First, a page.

Today, hundreds of thousands of students from over 100 countries are walking out of their schools to join a Global Climate Strike, part of a wave of youth protests around the world aimed at demanding immediate government response to the climate crisis. “I don’t want your hope,” said Greta Thunberg, the 16-year-old Swedish student who initiated the movement, in her quiet, eloquent demand at Davos in January. “I want you to act. I want you to act as if you were in a crisis … as if the house were on fire. Because it is.”
The demand? That governments acknowledge the crisis, and move with commensurate speed and action.
In an urbanizing world, the transportation sector is a major generator of climate-altering gases, contributing as much as 60 percent of a city’s emissions. It’s also a profound influence on the lives of the children who grow up amid fossil-fuel burning behavior: Air pollution from transportation leads to lower birth weights and higher incidence of asthma; traffic crashes are the leading cause of death for American teenagers.
To hold warming to a 1.5 degree Celsius rise, as urgently laid out in the most recent IPCC report, we must reduce CO2 emissions by 50 percent by 2030. There are a suite of transportation-related actions that can be taken in cities that could achieve this goal.
Two years ago, I convened eight of the world’s largest city and transport NGOs; together, over seven months, we hammered out a vision for resilient, sustainable, and thriving cities and a set of clear principles to guide execution. This framework, the Shared Mobility Principles for Livable Cities, has been adopted by more than two hundred companies and city advisors. If put into practice worldwide, they would not only dramatically reduce emissions in cities, but would also dramatically improve the quality of life for those who live in them. And they could do it without expensive and time-consuming infrastructure investments. Here’s how:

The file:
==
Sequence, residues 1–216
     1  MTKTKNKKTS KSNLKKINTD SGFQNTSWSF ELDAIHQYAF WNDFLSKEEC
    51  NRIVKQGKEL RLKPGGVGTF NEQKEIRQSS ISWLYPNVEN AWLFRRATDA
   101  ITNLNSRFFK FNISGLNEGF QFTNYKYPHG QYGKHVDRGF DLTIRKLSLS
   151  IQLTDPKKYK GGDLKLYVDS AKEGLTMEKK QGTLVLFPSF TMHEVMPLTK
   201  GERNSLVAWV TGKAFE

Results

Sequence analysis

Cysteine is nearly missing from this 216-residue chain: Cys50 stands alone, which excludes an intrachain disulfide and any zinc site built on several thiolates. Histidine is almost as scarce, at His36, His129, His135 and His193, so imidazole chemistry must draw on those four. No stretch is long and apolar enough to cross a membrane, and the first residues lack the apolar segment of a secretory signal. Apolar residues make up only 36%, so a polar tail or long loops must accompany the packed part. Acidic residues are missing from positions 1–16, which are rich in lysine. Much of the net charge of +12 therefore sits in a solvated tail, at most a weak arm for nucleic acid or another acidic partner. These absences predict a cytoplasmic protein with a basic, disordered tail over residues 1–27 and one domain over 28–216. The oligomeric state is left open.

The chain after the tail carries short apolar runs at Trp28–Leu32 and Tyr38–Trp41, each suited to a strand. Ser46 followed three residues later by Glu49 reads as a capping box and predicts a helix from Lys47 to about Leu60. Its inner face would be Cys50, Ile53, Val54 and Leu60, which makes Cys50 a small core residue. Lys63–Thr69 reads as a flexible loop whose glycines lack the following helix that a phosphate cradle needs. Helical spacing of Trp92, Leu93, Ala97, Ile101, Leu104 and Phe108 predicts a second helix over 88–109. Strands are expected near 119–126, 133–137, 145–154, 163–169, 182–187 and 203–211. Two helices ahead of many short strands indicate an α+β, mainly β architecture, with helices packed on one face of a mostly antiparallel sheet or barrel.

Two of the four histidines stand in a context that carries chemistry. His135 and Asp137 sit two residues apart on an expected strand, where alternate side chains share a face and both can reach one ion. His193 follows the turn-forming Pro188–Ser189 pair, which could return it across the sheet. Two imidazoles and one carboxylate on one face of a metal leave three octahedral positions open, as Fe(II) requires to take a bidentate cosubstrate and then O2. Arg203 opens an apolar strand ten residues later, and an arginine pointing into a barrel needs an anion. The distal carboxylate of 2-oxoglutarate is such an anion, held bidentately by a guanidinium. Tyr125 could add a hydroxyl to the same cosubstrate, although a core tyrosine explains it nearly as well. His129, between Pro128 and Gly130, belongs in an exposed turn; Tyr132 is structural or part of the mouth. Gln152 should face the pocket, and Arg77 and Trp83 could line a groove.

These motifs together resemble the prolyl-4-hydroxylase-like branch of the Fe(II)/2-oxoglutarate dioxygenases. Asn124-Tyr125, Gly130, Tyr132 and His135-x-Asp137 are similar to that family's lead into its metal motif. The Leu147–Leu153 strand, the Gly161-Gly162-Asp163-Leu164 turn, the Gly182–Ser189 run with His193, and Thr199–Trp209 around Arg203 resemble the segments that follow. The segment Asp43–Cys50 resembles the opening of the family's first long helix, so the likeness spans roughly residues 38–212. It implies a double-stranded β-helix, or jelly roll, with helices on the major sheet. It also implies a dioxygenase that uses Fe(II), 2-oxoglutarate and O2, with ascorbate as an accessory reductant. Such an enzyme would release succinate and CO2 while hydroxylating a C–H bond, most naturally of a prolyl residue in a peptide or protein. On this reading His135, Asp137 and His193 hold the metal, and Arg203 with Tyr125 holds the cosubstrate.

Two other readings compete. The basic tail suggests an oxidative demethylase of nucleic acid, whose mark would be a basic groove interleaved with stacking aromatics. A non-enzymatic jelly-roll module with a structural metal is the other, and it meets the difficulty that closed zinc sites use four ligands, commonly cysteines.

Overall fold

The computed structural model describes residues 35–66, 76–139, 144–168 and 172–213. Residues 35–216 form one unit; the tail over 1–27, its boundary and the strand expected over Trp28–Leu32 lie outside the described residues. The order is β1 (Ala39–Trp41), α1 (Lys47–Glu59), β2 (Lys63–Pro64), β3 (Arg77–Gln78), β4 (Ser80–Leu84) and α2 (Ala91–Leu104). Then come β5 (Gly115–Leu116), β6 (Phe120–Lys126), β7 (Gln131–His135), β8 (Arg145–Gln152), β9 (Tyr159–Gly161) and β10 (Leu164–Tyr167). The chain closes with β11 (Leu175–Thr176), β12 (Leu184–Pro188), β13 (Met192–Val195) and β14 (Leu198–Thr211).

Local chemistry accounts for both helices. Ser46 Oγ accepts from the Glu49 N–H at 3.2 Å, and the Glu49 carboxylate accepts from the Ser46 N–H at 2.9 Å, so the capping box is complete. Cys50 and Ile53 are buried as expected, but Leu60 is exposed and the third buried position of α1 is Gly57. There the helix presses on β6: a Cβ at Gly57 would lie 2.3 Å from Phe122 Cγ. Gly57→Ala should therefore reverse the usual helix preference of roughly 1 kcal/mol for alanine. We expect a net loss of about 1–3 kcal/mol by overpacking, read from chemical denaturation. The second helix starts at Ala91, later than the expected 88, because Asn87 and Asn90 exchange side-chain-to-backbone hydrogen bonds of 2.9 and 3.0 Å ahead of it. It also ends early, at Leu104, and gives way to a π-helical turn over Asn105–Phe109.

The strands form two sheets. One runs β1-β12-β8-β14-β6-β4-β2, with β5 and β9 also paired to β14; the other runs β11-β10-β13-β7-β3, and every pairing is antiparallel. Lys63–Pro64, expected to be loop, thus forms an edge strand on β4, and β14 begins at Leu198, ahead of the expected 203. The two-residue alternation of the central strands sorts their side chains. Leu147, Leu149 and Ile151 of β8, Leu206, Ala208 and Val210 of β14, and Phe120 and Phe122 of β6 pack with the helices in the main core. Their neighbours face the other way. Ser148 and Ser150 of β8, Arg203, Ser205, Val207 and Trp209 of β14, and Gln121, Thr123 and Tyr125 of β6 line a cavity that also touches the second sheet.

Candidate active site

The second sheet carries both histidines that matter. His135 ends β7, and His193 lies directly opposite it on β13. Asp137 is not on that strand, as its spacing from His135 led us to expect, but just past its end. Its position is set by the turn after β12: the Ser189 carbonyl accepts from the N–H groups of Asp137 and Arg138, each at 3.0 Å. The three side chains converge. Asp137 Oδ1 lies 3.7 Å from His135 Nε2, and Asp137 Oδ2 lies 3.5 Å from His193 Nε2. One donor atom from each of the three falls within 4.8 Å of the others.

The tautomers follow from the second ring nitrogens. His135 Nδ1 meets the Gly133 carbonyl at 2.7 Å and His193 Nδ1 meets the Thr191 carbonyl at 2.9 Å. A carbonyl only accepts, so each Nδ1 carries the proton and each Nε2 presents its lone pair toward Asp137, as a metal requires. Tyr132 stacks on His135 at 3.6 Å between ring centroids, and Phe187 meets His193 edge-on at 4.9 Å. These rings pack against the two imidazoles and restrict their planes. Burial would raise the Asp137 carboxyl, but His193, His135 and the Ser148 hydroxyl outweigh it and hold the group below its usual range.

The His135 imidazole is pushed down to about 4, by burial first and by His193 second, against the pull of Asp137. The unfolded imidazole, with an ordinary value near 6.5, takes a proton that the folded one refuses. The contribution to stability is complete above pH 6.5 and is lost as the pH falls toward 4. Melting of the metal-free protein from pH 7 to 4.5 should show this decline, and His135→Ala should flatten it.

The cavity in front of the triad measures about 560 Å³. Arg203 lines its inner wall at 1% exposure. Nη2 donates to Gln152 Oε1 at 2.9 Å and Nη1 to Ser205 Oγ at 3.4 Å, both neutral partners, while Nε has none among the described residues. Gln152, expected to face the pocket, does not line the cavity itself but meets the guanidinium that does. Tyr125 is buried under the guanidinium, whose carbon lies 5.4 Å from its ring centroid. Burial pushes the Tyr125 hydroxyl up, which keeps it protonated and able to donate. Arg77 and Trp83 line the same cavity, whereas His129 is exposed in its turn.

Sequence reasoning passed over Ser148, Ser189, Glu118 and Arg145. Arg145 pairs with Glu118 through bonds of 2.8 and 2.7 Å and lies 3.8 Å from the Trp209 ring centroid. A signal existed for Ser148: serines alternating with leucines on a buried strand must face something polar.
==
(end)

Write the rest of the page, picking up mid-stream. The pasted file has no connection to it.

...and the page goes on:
How cities spend their money
Right now, too many transportation investments take us further away from a carbon neutral world, rather than closer. We need to stop investing in new automobile infrastructure and put that money into improving the quality and service of more efficient ways of travel, such as public transit and segregated bike lanes. Not only have these been typically underinvested in, the investments that have been made are not commensurate with the fraction of travel that should be made by these means.
It’s also time to recognize how heavily subsidized private automobile travel is—and remove those subsidies. At the local level, that starts with removing free parking, and pricing this limited resource properly. We should unbundle parking spaces from residential and office buildings, and make residents feel the true cost of that not-free parking. We must recognize the price we pay from local car-generated pollution and integrate those costs into actual transport prices.
More broadly, we have to speed the electrification of urban transport and prioritize those vehicles that travel the greatest distances with the most people, giving us the biggest emissions return for our investment. Buses, shuttles, taxis, and delivery vehicles are the most intensively used vehicles. We should electrify them—and create charging infrastructure that supports their needs—first.